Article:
Nature and Nature Communications recently started publishing post-publication commentary in specially published peer-reviewed comments called as "Matters Arising" https://www.nature.com/ncomms/submit/matters-arising

It's a great initiative.

Does anyone know how often these commentaries lead to changes in the published article? Any stats on how often authors respond with new data/analysis.

I could not even find an example.

1 Answer 1


Many journals publish commentary articles on published papers; sometimes these are even invited directly by the journal editor to allow other researchers in the field to respond and are published simultaneously as an editorial, especially if a new finding is challenging established dogma.

Sometimes these commentaries are mostly critical, sometimes they are mostly positive. When negative, the original authors often will reply.

Like the commentary, that reply is typically another separately published article rather than an amendment to the original article. It could include additional analyses, further perspectives, references to additional literature, or agreement with critiques of the original paper.

Nature isn't inventing something new here, they are just adding a title to an established practice.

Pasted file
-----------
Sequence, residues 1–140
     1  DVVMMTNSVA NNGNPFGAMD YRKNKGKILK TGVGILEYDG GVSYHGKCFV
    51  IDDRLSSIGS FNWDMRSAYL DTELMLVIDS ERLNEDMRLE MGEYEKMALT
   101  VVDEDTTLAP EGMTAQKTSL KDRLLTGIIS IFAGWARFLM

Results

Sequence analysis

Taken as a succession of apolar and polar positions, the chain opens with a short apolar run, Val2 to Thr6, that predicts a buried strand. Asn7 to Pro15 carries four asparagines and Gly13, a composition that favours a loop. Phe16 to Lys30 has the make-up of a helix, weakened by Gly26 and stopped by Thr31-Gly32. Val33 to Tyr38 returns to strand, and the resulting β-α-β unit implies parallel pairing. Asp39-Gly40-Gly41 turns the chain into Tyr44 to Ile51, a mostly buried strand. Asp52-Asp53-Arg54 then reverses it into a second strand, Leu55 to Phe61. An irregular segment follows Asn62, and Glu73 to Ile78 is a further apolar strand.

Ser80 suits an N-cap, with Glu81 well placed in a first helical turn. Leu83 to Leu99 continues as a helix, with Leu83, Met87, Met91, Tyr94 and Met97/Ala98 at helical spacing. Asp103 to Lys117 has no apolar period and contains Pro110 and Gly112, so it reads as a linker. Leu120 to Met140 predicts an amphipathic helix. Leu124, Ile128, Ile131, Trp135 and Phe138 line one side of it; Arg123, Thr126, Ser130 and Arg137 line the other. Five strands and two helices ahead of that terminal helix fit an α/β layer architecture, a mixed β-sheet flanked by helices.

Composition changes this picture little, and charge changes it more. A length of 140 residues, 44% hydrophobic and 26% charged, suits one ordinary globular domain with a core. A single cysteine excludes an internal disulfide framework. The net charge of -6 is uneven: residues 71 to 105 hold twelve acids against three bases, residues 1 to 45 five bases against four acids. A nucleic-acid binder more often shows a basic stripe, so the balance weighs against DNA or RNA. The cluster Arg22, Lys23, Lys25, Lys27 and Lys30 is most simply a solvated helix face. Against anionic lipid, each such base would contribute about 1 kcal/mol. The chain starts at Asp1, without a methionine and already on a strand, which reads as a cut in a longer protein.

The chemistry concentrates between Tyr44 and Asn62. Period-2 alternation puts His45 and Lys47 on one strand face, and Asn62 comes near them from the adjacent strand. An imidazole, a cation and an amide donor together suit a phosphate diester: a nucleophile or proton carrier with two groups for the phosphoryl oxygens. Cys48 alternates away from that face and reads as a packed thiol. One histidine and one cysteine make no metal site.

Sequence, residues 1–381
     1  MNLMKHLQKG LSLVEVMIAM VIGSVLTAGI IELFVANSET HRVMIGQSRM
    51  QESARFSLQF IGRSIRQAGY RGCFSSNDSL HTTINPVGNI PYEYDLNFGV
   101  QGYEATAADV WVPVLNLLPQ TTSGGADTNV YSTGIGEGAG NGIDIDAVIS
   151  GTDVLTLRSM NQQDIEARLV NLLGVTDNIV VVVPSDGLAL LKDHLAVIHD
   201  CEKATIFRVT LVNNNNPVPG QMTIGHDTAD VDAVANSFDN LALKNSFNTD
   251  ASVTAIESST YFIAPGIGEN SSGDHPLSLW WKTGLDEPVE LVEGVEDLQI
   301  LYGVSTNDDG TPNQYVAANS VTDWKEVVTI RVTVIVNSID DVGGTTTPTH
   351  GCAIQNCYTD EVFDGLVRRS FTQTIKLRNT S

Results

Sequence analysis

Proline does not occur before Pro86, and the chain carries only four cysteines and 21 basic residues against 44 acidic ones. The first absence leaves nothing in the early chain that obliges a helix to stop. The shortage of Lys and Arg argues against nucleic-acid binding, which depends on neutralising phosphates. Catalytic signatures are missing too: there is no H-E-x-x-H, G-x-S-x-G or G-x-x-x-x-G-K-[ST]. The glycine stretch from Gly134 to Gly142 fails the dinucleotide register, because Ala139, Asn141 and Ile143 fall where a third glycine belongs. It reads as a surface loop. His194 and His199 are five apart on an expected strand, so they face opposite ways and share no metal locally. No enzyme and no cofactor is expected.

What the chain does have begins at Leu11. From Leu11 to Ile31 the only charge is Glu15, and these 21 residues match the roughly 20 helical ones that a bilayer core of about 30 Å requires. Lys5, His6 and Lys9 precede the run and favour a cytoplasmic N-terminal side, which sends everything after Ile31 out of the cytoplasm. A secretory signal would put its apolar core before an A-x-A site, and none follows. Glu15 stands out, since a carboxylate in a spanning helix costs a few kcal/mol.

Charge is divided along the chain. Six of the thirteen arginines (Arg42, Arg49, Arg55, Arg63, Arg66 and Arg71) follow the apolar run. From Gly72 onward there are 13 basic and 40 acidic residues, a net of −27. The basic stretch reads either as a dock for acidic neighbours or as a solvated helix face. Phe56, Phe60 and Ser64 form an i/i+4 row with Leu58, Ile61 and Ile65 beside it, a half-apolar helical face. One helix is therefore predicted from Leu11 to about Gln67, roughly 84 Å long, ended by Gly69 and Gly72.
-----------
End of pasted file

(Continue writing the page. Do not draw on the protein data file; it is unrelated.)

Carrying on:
You can try to find some of these comments and replies by searching Google Scholar for 'comment on' since those words are often added to these articles, though this search term is of course not perfectly sensitive nor specific. I think it is unlikely you will find statistics on how common these sorts of articles or replies to them are, and I suspect it varies a lot with field and journal.

One example paper of authors replying to a comment on their original work comes up on the first page of the search linked above:

Wang, J., Scholl, A., Zheng, H., Ogale, S. B., Viehland, D., Schlom, D. G., ... & Neaton, J. (2005). Response to comment on" Epitaxial BiFeO3 multiferroic thin film heterostructures". Science, 307(5713), 1203-1203.

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